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View Full Version : Should Jane Eyre be included in a high schools curriculum?



awink
10-17-2007, 09:47 PM
I need some help towards this question!

sciencefan
10-18-2007, 07:11 AM
I need some help towards this question!I believe Jane Eyre is a good bit of literature that is worthy enough of being taught in schools. I don't think it's "great" but then not everything the schools teach is great.

My only worry is the way the liberals twist it all around and use it as a way to slam Christianity and promote feminism.

Why do you ask?

traveling
10-30-2007, 11:01 PM
Why said this?

Dark Muse
11-05-2007, 04:02 AM
I rather enjoyed Jane Eyre and personally I think that though I do not beleive there is anything inaapropripate about the book which a person of higschool level could not understand and comprend, and I certaintly do not think it would corrupt the minds of the youth, I think the reader would get more out of the book reading it in the college level as I did, instead of in highschool. I do not know if I turly would have enjoyed it as much reading it in highschool as I did when I read it in college.

mousefeather
04-18-2008, 11:08 PM
I think Jane Eyre should be required for High School curriculum's. We were required to read it last year and I enjoyed it immensely! It's like Bronte put every emotion of the heart into words and wrote it down on paper. She's just... AWESOME! :D

What really made me upset though was my teacher's disinterest in the book. Sure, most of my classmates disliked the book. I was one of the few who actually enjoyed it. Of course, I read the entire thing over a 3-day weekend and was forced to endure the pain of my class's stupidity (honestly, there's no other word for it) for the next month and a half. It seemed like no one got it, the descriptions were too long, it was too confusing - the list went on and on and on. And my teacher AGREED!!!! Of course, this is a woman who consults a movie instead of a book, and thinks the movie version of "To Kill A Mockingbird" (with Gregory Peck) is overrated and cheesy.

But I just ignored her and reread it again and again. God, I probably read it about 16 times! But just recently another class was "forced" to read Jane Eyre. The teacher, the same woman, insisted upon rewriting it and editing out all of the long descriptions (example, or so relayed by a friend: Instead of going into the details of Jane's elfish nature, "Mr. Rochester called Jane an elf."). The woman destroyed the beauty of the book. It made me so MAD! :flare:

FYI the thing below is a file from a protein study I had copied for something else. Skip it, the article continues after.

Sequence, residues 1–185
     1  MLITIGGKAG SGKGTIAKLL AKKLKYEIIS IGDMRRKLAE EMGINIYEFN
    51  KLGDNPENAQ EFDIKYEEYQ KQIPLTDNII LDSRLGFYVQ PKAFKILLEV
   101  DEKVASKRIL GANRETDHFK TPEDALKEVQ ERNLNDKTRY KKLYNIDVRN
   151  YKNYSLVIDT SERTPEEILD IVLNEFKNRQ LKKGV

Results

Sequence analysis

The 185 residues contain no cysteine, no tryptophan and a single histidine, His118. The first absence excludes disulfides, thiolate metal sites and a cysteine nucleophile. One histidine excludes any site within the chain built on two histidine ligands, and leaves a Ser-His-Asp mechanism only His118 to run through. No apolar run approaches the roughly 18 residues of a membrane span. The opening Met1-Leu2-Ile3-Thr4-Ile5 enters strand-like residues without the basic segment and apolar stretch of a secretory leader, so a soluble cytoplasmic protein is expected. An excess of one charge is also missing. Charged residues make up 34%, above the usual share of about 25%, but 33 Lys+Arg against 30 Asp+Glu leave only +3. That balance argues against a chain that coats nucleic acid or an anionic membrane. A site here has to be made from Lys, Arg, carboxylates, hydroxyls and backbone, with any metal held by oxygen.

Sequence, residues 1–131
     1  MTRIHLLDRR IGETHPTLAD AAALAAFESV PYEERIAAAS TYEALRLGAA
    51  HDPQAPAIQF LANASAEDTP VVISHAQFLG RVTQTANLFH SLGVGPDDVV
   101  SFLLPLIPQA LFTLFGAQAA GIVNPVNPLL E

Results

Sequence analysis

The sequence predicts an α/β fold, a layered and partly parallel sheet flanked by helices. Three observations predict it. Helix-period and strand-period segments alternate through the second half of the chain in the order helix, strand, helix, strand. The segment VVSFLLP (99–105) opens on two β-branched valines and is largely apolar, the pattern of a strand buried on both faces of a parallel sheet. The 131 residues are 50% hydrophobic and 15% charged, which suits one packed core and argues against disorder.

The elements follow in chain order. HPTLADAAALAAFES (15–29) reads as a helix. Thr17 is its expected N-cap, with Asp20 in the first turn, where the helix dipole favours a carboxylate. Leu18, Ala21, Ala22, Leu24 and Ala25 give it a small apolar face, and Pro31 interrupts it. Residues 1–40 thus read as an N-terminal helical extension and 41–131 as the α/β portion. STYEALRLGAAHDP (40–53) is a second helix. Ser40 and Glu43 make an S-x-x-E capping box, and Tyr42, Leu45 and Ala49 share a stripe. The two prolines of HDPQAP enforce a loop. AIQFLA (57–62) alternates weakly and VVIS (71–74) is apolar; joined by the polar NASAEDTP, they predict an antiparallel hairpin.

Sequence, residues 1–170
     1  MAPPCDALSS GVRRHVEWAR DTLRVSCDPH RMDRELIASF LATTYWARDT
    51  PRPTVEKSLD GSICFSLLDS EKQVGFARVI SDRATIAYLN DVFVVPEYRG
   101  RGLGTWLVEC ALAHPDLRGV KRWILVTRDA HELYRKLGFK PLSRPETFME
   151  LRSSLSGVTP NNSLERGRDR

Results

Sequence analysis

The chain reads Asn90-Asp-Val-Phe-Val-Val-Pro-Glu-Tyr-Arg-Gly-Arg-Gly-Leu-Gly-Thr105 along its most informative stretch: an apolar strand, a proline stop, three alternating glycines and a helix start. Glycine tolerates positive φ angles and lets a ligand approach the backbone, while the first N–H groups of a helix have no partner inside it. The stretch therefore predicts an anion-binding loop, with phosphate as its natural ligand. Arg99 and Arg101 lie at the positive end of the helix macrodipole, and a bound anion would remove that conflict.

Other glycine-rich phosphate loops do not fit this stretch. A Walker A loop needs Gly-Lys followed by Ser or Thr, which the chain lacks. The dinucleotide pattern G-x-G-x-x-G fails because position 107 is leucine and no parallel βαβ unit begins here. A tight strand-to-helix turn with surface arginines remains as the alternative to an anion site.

So yes, I definitely agree that Jane Eyre should be a required read for High School's, and I hope to god that every High School class that reads it has a competent, open minded teacher. We sure didn't, and still don't.

black butterffl
04-27-2008, 09:33 AM
I think Jane Eyre should be required for High School curriculum's. We were required to read it last year and I enjoyed it immensely! It's like Bronte put every emotion of the heart into words and wrote it down on paper. She's just... AWESOME! :D .
agree :D


"Mr. Rochester called Jane an elf."). The woman destroyed the beauty of the book. It made me so MAD! :flare: .
i thought it was kind of cute :P


So yes, I definitely agree that Jane Eyre should be a required read for High School's, and I hope to god that every High School class that reads it has a competent, open minded teacher. We sure didn't, and still don't.

hahah, i wish my school required us to read this book so can everyone see how awesome it is

kiki1982
08-11-2008, 06:15 PM
A little bit late maybe, but here oes:

I don't know if it should be included as compulsory literature... It is very deep and probably too deep for anyone who hasn't really read a lot yet... There are more books like that but on top of that Jane Eyre has an additional problem: it can (for the right person then) be profoundly boring.
I can imagine that it can bore you to death... Not that it bores me, on the contrary, I have been researching it for over a year now, but it totally doesn't appeal to my husband and he is 35... Then I dread to think what some teenagers think of it.
It also depends on the teacher... Some teachers are absloutely useless. Give them the most easy book there is and they're still useless at it. I was also a case like that: came up with topics even my teacher didn't consider and wouldn't uderstand...

A Victor Hugo or a Dumas is more universally appealing and also easier to inerpret than a Brontė. In Hugo there is a clear theme, in Dumas mostly as well and also a theme that can be discussed, but a Brontė is more profound and needs more careful interpretation than discussing what happened and discussing the (un)justness of Jane's condition. Maybe it would do better as a real project wth other works that can be related to it. Merely putting it on the list as compulsory literature wouldn't do it justice...

Equality72521
08-19-2008, 12:53 PM
Here's how important Jane Eyre was in our curriculum of a PAP class.

We read the book over the summer and I say "read" loosely because half of the people didn't read it, the smart people, and then we got to class, my teacher lectured one day on the Victorian era and then we took a test and wrote and essay. I made an A.

It doesn't involve as much detail as some of the other books and quite frankly, I don't think that it did much to our curriculum, it didn't hurt or help it. It's like one of those things that are just kind of there.

AshleyMare
12-09-2008, 02:54 PM
Of course it should be. Its beautifully written and a wonderful example of a classic. I guess you could say it also has some important lessons in it. Those could include, be yourself, beauty isn't everything, class doesn't matter and I'm sure if I thought about it I could find more. So, yes, they should definatley put it in schools.

Sg89
12-09-2008, 02:58 PM
To sciencefan -- what's wrong with "slamming Christianity and promoting feminism"?